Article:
Spiralled out across temp jobs and club nights, the galaxy that Johnny Foreigner inhabits has always been one of immuteable uncertainty. It's not unusual, of course, for the everyday life of the artist to filter into their work, often manifested in the bleeding heart, life-on-the-road complaint track. But nowhere else does the hard work feel like part of the reward; like few of their peers, the day-to-day grind of just making it work feels intimately stitched into the fabric of everything that Alexei, Kelly, Junior and Lewes create. "I've a confession," Alexei begins on Mono No Aware, the Birmingham quartet's fifth album. "It stings to admit: I can't foresee a day when we'll buy speedboats from this."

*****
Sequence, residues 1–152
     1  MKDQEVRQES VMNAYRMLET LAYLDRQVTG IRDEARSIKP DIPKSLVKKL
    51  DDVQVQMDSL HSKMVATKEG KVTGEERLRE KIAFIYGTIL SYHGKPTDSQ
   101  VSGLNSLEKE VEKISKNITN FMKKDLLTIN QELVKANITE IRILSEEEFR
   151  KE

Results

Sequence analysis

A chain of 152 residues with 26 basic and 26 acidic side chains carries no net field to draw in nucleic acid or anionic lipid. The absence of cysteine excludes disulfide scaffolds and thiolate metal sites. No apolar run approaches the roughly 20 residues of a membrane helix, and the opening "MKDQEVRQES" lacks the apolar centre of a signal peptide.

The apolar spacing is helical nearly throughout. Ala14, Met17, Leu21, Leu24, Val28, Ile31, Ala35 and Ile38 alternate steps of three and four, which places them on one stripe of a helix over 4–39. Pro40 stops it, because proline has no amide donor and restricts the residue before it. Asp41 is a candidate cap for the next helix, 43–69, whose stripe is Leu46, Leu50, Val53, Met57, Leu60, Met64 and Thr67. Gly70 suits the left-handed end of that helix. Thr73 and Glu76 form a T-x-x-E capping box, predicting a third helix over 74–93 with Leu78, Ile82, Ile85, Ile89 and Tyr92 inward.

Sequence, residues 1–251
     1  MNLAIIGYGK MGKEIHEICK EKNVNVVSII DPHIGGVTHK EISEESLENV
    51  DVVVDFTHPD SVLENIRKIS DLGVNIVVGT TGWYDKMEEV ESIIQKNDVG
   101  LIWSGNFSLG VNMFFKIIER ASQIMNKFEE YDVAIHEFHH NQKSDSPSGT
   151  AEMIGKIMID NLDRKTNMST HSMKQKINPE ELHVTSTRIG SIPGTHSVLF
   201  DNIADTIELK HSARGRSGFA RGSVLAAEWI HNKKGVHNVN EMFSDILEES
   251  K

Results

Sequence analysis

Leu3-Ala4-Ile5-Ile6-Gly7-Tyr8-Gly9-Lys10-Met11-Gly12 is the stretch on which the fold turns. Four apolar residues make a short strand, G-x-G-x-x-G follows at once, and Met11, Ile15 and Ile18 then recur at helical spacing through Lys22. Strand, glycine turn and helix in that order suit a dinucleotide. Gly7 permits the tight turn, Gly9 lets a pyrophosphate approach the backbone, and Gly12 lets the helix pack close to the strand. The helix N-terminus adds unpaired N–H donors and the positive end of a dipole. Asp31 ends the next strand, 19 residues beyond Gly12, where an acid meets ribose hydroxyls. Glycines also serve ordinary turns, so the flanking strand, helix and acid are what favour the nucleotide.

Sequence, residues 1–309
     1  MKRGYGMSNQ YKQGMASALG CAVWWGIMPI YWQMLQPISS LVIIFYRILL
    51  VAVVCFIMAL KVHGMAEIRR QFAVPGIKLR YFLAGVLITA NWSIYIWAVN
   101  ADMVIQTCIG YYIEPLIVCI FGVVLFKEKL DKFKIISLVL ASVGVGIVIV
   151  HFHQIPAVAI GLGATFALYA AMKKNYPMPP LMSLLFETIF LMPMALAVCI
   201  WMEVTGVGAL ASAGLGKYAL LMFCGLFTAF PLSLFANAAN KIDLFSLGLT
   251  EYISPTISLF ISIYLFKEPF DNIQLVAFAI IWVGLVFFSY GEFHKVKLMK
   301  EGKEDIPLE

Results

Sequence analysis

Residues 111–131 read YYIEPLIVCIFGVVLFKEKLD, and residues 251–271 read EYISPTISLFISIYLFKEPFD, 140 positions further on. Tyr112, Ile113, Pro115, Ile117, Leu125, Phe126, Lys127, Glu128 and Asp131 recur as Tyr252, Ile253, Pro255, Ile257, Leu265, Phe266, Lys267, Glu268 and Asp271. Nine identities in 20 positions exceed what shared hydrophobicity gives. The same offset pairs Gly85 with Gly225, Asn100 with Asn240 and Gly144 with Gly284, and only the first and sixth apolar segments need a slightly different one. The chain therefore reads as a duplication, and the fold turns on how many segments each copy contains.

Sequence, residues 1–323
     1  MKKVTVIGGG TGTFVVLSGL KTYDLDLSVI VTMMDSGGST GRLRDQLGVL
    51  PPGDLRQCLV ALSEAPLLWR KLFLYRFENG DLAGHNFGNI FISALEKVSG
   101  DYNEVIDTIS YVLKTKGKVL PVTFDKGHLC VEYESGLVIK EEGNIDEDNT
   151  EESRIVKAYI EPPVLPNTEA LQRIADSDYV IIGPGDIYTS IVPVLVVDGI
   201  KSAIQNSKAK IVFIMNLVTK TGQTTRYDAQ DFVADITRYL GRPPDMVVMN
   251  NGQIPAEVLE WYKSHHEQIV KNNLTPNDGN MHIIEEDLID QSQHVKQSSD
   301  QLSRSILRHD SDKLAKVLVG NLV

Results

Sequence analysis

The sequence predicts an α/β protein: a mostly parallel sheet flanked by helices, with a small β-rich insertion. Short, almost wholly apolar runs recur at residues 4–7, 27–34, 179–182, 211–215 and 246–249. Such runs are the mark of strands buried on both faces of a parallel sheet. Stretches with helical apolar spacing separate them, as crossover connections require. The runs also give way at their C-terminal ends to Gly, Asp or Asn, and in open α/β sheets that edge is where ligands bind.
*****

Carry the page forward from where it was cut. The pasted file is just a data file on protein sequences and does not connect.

It's been ten years now since the band struck out as a three-piece in Birmingham (longtime artistic contributor Lewes joined as a second guitarist in 2012), and the joke about their breakthrough potential feels welcome, if a little bittersweet. There was a time - probably peaking with the single release of "Salt, Peppa and Spinderella", including a Bloc Party remix - that it seemed like Johnny Foreigner were going to be a Successful Indie Band. You'd catch bits of "Eyes Wide Terrified" spilling out of Topman stores, MTV2, XFM. But it never quite took off. In 2009 they released Grace and the Bigger Picture ("a joke title; the two things we were always missing"), one of the finest indie rock albums of the young century. But theirs wasn't a love for a stadium audience. Today, Alexei's pretty philosophical about the whole thing. "I used to worry that one day one of us'd get married or have kids and quit. But all that stuff has been happening and we still keep coming back to each other," he tells me. "Now I worry I can never quit."